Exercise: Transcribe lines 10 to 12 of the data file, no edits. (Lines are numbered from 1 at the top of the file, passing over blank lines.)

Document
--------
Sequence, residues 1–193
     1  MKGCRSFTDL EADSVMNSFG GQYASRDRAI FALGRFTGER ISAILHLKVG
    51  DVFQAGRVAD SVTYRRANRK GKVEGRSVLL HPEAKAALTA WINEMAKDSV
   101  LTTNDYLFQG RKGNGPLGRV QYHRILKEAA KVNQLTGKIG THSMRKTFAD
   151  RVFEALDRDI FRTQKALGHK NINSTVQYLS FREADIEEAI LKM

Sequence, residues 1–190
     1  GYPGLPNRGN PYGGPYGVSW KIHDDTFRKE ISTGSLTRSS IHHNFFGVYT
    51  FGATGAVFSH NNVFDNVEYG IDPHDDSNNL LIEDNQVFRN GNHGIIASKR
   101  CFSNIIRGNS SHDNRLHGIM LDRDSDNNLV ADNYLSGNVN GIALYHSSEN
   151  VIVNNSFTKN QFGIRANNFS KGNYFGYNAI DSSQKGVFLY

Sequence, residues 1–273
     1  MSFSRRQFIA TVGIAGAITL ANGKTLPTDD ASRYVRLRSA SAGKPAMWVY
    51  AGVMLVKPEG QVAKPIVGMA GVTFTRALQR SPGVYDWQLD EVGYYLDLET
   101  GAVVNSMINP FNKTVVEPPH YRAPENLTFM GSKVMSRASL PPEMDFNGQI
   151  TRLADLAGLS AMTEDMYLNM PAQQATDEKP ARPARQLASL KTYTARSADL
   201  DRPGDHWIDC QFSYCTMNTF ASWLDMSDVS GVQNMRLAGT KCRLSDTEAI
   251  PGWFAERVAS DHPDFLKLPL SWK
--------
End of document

   151  VIVNNSFTKN QFGIRANNFS KGNYFGYNAI DSSQKGVFLY

Sequence, residues 1–273
     1  MSFSRRQFIA TVGIAGAITL ANGKTLPTDD ASRYVRLRSA SAGKPAMWVY